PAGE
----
Monday, February 16, 2009

Chapter 11: Breakdown, Part IV

Vernon bit back a retort. He lowered his head to hide the scowl and scuffed his feet until he heard the door shut with a thunk. He lifted his head then and glared at the house for a moment before marching back to his car. His hands vibrated as he dug the keys out of his pocket and dropped into the driver’s seat. “Man up”? “Pull your own weight”? What is wrong with these people? Jennings Grove isn’t a place for anybody who’s sane. Or anyone who has other options. He turned the ignition over and banged his head on the steering wheel a couple of times. There’s got to be a way out of this. Rubbing his forehead, he put the car in gear and turned around. Gravel crunched and popped under his tires as he drove. He was barely aware of his surroundings until he found himself back in the driveway.

He got out of the car and trudged up the steps. Rope still lay on the porch, one end tied between the window door and the other snaking across to the steps. It looked like some monstrous dog had been leashed to the house and tried to tear it down as it made good on its escape. Ethan’s going to have a lot to say about that. He laughed. What’s he going to do? Evict me? He stepped inside, went to the kitchen and retrieved a bread knife. Back on the porch, he paused and watched sunlight play along the long, serrated blade. Cheryl would kill me if she saw me doing this with one of her good knives, he thought as he bent to saw at the thick rope just behind the knot. The strands parted easily enough, but the arm-think cord took time to cut through. Pain lanced through his shoulders by the time he straightened and yanked the rope free. He knuckled his back and set about rolling it between his elbow and palm. He lost himself in the slow rasp-slap of the moving coils until his hand slipped free and the end struck his arm. Vernon blinked and looked out at the yard.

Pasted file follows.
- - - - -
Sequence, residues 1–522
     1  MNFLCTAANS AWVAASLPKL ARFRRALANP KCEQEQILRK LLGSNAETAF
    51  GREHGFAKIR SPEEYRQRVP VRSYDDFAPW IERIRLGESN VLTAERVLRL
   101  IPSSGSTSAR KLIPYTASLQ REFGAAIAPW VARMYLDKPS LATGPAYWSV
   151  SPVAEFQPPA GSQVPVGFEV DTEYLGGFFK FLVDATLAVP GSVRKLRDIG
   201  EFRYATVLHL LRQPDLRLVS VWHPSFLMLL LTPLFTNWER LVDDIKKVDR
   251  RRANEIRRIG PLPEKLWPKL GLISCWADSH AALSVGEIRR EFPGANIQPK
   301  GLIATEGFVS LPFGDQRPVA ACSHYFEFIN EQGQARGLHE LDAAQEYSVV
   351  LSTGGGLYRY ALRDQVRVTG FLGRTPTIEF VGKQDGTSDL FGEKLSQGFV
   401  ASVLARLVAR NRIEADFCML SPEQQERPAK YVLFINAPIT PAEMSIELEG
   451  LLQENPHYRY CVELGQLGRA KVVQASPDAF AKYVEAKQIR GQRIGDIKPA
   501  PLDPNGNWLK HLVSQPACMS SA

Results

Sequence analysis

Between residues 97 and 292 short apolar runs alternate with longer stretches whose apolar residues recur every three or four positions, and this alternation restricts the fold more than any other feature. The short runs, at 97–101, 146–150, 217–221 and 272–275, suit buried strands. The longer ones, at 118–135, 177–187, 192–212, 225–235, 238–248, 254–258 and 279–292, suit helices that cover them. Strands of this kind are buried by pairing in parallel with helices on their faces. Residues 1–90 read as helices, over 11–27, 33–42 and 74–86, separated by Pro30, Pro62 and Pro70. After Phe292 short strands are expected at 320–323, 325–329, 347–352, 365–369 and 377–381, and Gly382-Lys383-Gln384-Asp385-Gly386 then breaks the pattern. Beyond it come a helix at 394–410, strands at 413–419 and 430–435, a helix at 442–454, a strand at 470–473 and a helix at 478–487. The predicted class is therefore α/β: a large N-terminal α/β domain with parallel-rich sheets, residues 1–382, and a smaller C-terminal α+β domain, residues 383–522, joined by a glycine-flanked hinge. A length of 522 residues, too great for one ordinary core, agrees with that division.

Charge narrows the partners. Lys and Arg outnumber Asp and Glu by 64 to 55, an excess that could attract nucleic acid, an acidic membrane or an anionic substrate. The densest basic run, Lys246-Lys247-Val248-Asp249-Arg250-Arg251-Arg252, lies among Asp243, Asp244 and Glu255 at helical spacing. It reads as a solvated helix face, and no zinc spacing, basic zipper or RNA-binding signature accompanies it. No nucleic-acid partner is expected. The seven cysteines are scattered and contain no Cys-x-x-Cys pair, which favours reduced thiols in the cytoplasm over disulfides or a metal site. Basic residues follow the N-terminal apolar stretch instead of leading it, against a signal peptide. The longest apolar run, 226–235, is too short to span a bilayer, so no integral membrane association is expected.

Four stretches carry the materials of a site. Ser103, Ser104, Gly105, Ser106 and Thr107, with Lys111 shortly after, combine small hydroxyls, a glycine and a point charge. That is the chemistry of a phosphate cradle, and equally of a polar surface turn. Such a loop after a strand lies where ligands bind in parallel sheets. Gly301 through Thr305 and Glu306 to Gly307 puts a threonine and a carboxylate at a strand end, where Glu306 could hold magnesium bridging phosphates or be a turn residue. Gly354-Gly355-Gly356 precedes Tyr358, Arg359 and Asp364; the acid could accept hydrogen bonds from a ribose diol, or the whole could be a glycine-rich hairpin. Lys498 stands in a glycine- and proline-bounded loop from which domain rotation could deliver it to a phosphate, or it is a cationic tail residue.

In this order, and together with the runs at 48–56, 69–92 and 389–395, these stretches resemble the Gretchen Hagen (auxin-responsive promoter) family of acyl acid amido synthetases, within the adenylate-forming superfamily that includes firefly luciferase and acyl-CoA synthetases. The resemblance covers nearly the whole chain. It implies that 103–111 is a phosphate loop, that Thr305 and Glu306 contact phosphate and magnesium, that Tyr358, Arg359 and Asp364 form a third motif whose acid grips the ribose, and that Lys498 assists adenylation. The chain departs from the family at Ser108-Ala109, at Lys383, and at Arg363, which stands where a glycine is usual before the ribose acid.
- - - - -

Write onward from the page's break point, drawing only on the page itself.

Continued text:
The sun sat noticeably lower in the sky. He shrugged and dumped the coiled rope in the corner of the porch. Turning around, he examined the wall again. It didn’t look as bad without the rope drawing attention to the bulge. A quick tug on the door, and it wedged shut. It refused to latch no matter how hard he tugged, but at least it wouldn’t open the house to the wind. The window was a different matter. Vernon pushed and pulled until the muscles in his arms ached, but it would not shut all the way. A crack about an inch high remained open where the frame twisted outward. Better than nothing. Maybe I can nail some plastic up until I can fix the thing. He stepped back and assayed the structure with a critical eye. She was still a battered old bird. But with the door and window working -- however imperfectly -- it at least looked something like a home instead of a neglected hulk. Vernon swallowed the sudden bile that rose in his throat. A sound that was half whimper and half bitter laugh escaped his lips.